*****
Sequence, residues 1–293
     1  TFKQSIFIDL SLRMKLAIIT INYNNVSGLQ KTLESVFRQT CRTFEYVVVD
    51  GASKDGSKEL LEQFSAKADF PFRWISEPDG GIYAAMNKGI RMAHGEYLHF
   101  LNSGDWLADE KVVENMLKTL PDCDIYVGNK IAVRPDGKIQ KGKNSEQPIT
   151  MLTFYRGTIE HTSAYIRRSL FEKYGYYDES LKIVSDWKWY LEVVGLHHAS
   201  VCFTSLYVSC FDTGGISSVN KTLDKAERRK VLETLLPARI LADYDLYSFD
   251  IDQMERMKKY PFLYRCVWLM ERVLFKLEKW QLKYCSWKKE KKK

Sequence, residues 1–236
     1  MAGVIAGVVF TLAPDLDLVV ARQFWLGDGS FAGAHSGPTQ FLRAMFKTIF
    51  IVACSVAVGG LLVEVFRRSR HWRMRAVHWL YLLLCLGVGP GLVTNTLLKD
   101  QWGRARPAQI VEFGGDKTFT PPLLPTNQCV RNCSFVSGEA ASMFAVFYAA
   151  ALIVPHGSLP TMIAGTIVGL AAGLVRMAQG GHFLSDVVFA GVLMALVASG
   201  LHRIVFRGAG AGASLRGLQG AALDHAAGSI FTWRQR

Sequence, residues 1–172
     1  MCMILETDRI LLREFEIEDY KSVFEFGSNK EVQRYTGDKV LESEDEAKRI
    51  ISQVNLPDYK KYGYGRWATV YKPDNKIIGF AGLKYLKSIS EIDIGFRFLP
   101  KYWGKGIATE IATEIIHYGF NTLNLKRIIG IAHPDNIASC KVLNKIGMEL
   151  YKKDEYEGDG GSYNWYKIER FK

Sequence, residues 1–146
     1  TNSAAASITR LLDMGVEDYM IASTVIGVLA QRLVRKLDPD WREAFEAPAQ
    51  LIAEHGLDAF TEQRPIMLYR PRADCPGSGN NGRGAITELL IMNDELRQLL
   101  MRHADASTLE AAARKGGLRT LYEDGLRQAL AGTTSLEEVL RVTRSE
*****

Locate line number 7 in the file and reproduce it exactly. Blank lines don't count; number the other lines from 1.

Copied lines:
   251  IDQMERMKKY PFLYRCVWLM ERVLFKLEKW QLKYCSWKKE KKK